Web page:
The true irony is that when recreational marijuana was legalized in Colorado, these home explosions grew more frequent, rather than less. In one week of April 2014, there were four BHO explosions. BHO fires didn’t occur in California before 2010, so liberalizing pot laws and expanding marijuana access created a new problem. (In 2010, pot was decriminalized in California.)
Murders, Suicides and Missing People
If a tv news magazine were to expose the murder, rape and sex trafficking in Humboldt, reporters may be at risk. An investigative journalism report released in September revealed that some trimmigrants and girls end up getting abused or raped. The marijuana apologists mislead by insisting that murders and rapes happen because prohibition forces growers into hiding.
There were at least 22 murders in Humboldt County in 2016. Only 134,000 people live in the county. (Often it’s difficult to distinguish murder from suicide, which occurs at a rate twice the national norm.) Humboldt reported 352 missing people in 2015, more per capita than any other county in the state.
Domestic Violence, DUIs and Humboldt’s Other Problems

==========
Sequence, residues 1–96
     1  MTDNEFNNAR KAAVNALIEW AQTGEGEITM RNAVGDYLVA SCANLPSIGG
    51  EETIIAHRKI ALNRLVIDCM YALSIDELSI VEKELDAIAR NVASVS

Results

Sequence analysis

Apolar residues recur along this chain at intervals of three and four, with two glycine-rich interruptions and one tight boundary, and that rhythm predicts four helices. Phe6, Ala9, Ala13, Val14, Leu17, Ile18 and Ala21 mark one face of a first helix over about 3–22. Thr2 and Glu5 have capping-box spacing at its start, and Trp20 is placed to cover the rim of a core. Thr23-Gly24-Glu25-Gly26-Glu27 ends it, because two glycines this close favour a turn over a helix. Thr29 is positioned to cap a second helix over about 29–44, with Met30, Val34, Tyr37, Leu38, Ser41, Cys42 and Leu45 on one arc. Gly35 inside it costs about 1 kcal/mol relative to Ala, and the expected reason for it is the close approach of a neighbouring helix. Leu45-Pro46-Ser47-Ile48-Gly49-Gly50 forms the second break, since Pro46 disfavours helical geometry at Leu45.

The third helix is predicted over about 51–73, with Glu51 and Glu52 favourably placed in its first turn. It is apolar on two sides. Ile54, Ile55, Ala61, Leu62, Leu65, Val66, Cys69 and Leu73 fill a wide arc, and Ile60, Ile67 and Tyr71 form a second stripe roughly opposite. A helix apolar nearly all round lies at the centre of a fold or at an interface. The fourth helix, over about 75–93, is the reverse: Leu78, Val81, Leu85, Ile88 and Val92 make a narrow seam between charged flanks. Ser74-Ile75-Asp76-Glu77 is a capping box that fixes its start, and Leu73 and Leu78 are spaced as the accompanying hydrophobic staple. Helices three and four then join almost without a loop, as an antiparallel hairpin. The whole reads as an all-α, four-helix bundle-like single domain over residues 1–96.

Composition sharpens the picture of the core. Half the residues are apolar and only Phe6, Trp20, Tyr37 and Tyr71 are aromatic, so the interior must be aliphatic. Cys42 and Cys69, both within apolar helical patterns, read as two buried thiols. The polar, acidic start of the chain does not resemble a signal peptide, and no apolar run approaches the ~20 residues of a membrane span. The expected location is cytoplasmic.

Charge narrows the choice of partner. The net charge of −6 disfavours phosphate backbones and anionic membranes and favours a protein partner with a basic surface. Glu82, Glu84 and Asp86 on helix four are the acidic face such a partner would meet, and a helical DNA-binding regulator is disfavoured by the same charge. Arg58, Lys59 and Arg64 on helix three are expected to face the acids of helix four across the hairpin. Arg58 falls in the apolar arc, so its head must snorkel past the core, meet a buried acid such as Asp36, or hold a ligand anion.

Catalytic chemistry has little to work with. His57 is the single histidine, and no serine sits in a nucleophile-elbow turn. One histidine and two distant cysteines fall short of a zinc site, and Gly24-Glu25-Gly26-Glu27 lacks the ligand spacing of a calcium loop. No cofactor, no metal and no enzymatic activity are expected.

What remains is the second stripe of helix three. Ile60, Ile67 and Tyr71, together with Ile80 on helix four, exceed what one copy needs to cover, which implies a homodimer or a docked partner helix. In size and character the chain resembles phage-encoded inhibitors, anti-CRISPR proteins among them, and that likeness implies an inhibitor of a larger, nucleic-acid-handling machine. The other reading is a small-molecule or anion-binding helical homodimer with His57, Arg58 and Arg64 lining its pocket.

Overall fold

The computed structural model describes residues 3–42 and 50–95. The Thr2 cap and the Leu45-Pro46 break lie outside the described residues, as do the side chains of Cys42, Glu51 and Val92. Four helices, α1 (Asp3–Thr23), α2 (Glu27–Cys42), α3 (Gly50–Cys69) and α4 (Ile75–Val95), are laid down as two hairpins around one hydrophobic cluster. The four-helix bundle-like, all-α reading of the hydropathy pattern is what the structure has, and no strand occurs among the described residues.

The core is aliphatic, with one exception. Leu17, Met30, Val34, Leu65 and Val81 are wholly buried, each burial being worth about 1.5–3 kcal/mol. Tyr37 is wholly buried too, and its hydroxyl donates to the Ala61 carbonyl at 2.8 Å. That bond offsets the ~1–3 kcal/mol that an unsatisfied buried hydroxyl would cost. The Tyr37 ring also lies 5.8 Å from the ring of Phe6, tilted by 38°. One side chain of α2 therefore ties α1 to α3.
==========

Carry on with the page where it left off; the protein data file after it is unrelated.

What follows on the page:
Humboldt County district attorney Maggie Fleming sat down for an interview with Paul Mann of the Mad River Union recently. (The entire article is in Lost Coast Outpost.) “We see DUIs all day long in this community …. There are people who are drinking or using prescription meds or smoking marijuana or using methamphetamine or heroin and driving at 2 o’clock in the afternoon. Some of our fatalities are in the middle of the day,” Fleming explained.
She listed multiple factors powering Humboldt crime: high rates of driving while intoxicated; the county’s nightmarish marijuana, drug and alcohol culture; the prevalence of domestic violence and the deep-rooted poverty that inflicts childhood trauma and impairs children’s health, often with lifelong afflictions, including criminal behavior. She definitely sees the crime is a result of the drug culture. Both those with substance abuse problems and those selling drugs for financial gain instigate the crime.